FORT MEADE, Md. — The court-martial of Army Pfc. Bradley Manning, whose secret release of a vast archive of military and diplomatic materials put WikiLeaks into an international spotlight, opened here Monday with dueling portrayals — of a traitor who endangered the lives of his fellow soldiers and of a principled protester motivated by a desire to help society who carefully selected which documents to release.
The contrast between the government's description of Manning and his lawyer's underscored the oddity at the heart of the trial, which is expected to last as long as 12 weeks: There is no doubt that he did most of what he is accused of doing, and the crucial issue is how those actions should be understood.
In February, Manning pleaded guilty to nine lesser versions of the charges he is facing — and one full one — while confessing in detail to releasing the trove of documents for which he could be sentenced to up to 20 years.
But his plea was not part of any deal, and prosecutors are going to trial because they hope to convict him, based on essentially the same facts, of 20 more serious offenses — including espionage and aiding the enemy — that could result in a life sentence.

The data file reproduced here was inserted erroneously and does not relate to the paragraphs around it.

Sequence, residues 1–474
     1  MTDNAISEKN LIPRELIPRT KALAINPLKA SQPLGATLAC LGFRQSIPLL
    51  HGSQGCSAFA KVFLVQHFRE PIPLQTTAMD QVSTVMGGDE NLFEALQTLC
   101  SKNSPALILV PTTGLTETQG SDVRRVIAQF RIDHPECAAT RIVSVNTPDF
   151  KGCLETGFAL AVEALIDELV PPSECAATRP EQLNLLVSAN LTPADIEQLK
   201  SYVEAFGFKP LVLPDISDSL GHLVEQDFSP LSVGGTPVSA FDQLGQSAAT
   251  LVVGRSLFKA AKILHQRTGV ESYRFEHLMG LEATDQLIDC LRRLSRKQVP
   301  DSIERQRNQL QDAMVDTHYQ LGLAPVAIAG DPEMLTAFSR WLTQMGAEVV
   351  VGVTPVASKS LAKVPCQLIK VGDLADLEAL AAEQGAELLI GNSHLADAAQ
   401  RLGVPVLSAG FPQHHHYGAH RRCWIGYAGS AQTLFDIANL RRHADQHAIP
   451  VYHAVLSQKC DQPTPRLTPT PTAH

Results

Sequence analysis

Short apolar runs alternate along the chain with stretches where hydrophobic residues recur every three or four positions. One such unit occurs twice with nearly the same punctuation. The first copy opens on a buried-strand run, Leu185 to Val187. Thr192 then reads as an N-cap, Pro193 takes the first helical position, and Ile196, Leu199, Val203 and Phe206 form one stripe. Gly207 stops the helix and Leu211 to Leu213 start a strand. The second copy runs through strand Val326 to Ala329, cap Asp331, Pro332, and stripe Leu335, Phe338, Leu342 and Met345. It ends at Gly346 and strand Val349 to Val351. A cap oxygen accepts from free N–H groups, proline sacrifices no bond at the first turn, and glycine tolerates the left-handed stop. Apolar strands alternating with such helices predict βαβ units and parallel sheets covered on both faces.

Since his arrest three years ago, Manning, 25, has been embraced as a whistle-blower and hero by many on the political left.
Inside the courtroom Monday, as Manning sat quietly, David Coombs, his defense lawyer, told the judge that his client had been "young, naive but good-intentioned" and that he had tried to ensure that the roughly 700,000 documents he released would not cause harm.
"He was selective," Coombs said. "He had access to literally hundreds of millions of documents as an all-source analyst, and these were the documents that he released. And he released these documents because he was hoping to make the world a better place."
But a prosecutor, Capt. Joe Morrow, said that Manning was no ordinary leaker who made a particular document public but rather someone who grabbed classified databases wholesale and sent them to a place where he knew adversaries such as al-Qaida could get to them.
"This is a case about a soldier who systematically harvested hundreds of thousands of classified documents and dumped them onto the Internet, into the hands of the enemy — material he knew, based on his training, would put the lives of fellow soldiers at risk," Morrow said.